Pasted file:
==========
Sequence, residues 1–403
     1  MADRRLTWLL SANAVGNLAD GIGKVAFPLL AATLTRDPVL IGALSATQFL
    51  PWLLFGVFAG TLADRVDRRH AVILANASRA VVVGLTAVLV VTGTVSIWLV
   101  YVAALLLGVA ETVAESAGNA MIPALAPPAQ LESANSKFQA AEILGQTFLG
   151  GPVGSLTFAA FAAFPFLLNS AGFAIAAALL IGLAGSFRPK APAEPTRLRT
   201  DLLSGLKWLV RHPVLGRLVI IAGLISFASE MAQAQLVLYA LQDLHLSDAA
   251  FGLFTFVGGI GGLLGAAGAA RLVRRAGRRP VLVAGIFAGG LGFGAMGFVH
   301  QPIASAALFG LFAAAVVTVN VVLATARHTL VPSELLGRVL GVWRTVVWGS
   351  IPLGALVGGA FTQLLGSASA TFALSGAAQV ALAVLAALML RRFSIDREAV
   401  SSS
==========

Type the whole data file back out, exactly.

Sequence, residues 1–403
     1  MADRRLTWLL SANAVGNLAD GIGKVAFPLL AATLTRDPVL IGALSATQFL
    51  PWLLFGVFAG TLADRVDRRH AVILANASRA VVVGLTAVLV VTGTVSIWLV
   101  YVAALLLGVA ETVAESAGNA MIPALAPPAQ LESANSKFQA AEILGQTFLG
   151  GPVGSLTFAA FAAFPFLLNS AGFAIAAALL IGLAGSFRPK APAEPTRLRT
   201  DLLSGLKWLV RHPVLGRLVI IAGLISFASE MAQAQLVLYA LQDLHLSDAA
   251  FGLFTFVGGI GGLLGAAGAA RLVRRAGRRP VLVAGIFAGG LGFGAMGFVH
   301  QPIASAALFG LFAAAVVTVN VVLATARHTL VPSELLGRVL GVWRTVVWGS
   351  IPLGALVGGA FTQLLGSASA TFALSGAAQV ALAVLAALML RRFSIDREAV
   401  SSS